악마를 보았다 | I Saw the Devil (2010)
There is a very thin line that separates exploration from exploitation in cinema. And walking on that thin ice throughout its runtime is this ultra-violent revenge flick from South Korea which, with its graphic depiction of torture might give an appearance of something that borders on tasteless gore but thanks to its greater emphasis on plot & characters, this thriller eventually succeeds as an emotionally devastating story of loss & revenge that is extremely well executed on the film canvas. Brutally intense, downright shocking, relentlessly violent & absolutely unforgiving, I Saw the Devil finds renowned filmmaker Kim Jee-woon revelling at the very top of his game and is his third consecutive masterpiece after A Bittersweet Life & The Good, the Bad, the Weird.
I Saw the Devil opens with the introduction of a merciless serial killer, Kyung-chul, preying on his latest victim named Joo-yun whose car is stranded on roadside due to a flat tire & who happens to be the daughter of the Squad Chief Jang & fiancé of Soo-hyun; a secret service agent of National Intelligence Service. After the police search uncovers her decapitated body, Soo-hyun becomes enraged & determined to track the killer down and seek vengeance. With a little help from Joo-yun’s father, Soo-hyun is able to find Kyung-chul, beats the hell out of him, plants a tracking device in his body & then reappears to torture Kyung-chul whenever he is about to kill someone. And thus begins the diminishing of the fine line between victim & aggressor among both the characters and the observation of this very element is this film’s core ingredient.
If one takes a look at director Kim Jee-woon’s filmography and the reception his films have received both critically & commercially, it’s not difficult to assess that Jee-woon is one of world cinema’s most versatile filmmakers working in the industry today and, in my opinion, I Saw the Devil is possibly the finest work of his acclaimed career. Where Jee-woon impresses the most here is in trying to push the film beyond the confines of its genre while keeping its drama, action & violence smoothly balanced & undisturbed. The screenplay is brilliantly written as well with every event carefully plotted & finely detailed. Cinematography adds a considerable amount of richness to the story & captures each frame meticulously. Editing paces the 144 minutes narrative remarkably well and every scene is somehow relevant to the plot. And last but not the least, music accompanies the drama & drives the viewers’ emotions just as brilliantly as it is composed.
Coming to the performances, I Saw the Devil features two of Asian cinema’s most revered actors in Choi Min-sik & Lee Byung-hun, and both deliver equally memorable performances here. Choi Min-sik stars as Kyung-chul, a remorseless serial killer who gets a slight taste of his own medicine when he is hunted & tortured repeatedly by one of his victims’ fiancé. And without losing any of his acting prowess, Min-sik couldn’t have asked for a better return to cinema after his self-imposed exile years ago. Lee Byung-hun plays Soo-hyun, the fiancé of one of Kyung-chul’s victims who, in the process of seeking revenge, starts becoming the very person he hates most. And this vengeful character with so much of stuffed-up emotions is fabulously illustrated by Byung-hun. Throughout its runtime, the screen is either shared by one or both of these immensely talented actors plus the clash of their screen presence is as intense as the clash of their characters, and it is at its most ruthless in the final moments.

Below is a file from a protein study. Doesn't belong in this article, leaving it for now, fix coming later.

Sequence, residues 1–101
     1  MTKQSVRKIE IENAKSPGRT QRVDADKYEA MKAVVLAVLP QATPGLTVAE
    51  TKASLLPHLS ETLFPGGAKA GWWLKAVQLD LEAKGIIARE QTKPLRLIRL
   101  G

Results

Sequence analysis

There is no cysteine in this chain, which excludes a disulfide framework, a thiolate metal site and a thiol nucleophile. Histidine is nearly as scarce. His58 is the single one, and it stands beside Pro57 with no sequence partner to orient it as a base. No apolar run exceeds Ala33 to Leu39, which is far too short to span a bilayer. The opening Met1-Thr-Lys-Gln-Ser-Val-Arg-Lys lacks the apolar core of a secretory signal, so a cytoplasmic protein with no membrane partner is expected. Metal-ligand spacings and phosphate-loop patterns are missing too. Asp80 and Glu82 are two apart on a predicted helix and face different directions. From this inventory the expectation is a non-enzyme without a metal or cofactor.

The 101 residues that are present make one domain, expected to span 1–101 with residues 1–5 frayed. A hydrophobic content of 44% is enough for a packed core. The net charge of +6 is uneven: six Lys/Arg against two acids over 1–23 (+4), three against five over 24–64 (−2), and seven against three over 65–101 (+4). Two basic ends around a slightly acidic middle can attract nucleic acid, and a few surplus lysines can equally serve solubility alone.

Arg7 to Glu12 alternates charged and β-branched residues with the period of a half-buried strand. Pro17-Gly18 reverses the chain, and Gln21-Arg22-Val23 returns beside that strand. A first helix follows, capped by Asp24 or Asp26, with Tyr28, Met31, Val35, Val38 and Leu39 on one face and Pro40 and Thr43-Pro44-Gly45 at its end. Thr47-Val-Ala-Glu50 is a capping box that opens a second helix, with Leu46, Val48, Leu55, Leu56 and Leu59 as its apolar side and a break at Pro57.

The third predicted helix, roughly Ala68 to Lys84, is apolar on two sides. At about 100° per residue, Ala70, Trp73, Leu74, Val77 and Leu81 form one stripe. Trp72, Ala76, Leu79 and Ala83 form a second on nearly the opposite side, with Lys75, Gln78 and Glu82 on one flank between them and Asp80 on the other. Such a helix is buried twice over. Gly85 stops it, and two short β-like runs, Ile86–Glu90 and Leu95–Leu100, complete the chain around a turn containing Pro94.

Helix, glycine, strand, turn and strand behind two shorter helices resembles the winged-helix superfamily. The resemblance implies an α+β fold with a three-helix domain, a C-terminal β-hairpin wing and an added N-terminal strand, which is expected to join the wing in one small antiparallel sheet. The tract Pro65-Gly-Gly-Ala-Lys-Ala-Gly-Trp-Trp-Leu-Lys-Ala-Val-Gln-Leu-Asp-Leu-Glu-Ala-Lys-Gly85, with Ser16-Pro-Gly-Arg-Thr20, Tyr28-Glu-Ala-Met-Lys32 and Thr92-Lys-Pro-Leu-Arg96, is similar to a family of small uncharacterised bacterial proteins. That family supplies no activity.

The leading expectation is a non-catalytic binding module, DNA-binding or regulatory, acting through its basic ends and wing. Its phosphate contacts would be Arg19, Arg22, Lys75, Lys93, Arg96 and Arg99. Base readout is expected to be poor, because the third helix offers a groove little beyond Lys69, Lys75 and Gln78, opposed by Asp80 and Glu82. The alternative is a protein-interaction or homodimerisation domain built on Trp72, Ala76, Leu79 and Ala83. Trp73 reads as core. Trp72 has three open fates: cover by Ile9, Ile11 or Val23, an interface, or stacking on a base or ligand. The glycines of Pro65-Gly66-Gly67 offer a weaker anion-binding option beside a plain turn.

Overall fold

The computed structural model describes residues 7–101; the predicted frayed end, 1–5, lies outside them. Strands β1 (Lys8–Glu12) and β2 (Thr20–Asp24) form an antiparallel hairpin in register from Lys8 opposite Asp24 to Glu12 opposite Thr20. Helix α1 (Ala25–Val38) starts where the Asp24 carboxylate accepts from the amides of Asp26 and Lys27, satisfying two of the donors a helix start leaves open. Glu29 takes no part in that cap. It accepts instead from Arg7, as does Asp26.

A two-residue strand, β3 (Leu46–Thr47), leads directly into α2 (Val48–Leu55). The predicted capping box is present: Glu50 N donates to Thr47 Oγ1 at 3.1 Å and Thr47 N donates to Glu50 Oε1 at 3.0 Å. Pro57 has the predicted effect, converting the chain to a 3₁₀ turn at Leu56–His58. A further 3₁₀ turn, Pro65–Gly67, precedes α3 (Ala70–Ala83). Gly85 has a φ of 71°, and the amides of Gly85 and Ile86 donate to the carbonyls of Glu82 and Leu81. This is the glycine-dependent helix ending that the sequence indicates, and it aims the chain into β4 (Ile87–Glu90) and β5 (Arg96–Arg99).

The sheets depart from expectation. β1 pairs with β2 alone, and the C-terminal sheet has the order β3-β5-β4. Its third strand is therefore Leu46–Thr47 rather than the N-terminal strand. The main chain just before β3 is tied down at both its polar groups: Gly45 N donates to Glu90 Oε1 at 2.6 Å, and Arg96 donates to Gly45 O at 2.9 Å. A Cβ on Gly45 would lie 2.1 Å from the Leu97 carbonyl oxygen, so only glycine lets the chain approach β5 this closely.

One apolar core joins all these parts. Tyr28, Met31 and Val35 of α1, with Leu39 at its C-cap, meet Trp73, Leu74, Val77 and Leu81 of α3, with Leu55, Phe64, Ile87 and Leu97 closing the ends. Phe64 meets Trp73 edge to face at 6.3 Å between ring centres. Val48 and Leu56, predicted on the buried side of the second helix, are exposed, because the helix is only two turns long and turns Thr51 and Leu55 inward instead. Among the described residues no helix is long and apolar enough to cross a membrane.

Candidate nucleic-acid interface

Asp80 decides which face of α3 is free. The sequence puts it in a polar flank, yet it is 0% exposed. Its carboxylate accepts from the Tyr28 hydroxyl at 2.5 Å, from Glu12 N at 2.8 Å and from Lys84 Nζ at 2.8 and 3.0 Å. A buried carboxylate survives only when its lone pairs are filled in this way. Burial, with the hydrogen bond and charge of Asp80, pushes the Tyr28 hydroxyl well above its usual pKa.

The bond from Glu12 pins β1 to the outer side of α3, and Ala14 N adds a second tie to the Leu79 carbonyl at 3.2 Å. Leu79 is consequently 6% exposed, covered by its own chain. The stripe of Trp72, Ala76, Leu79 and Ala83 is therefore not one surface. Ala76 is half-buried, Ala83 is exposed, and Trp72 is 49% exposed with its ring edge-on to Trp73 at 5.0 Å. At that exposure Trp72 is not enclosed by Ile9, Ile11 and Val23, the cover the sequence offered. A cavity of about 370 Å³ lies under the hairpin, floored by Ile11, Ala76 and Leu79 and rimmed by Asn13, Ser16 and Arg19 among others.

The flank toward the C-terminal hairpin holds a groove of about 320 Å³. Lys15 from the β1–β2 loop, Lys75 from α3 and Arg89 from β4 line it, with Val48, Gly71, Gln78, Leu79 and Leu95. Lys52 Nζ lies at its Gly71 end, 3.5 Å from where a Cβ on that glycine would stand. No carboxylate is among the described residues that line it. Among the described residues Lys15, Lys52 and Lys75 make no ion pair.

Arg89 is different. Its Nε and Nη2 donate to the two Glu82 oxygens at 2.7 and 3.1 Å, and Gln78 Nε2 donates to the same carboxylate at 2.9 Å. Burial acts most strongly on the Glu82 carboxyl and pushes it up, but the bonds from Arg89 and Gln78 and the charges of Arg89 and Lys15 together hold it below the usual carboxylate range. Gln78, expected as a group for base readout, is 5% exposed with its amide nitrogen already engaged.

Although Cinema of South Korea has never been afraid to show the dark side of human nature and the filmmakers have been equally uncompromising as well, I Saw the Devil still ranks as one of the most extreme mainstream features out there as far as violence in cinema is concerned. It is definitely not for the faint-hearted & it is definitely not for the easily distressed. There are moments involving rape, mutilation, disemboweling & even cannibalism in it so do make up your mind before venturing into this dark alley because it sure won’t be a pleasant cinematic experience but it certainly will be one of the most unforgettable ones. On an overall scale, Kim Jee-woon’s I Saw the Devil may not be as classic a revenge-thriller as Park Chan-wook’s Oldboy but it sure is more aggressive & relentless than that one. Undoubtedly one of the greatest films of the past decade and inarguably one of the finest examples of its genre, I Saw the Devil continues to push the boundaries of what is acceptable in mainstream movies and is one revenge flick no cinema lover should miss out. One hundred percent recommended.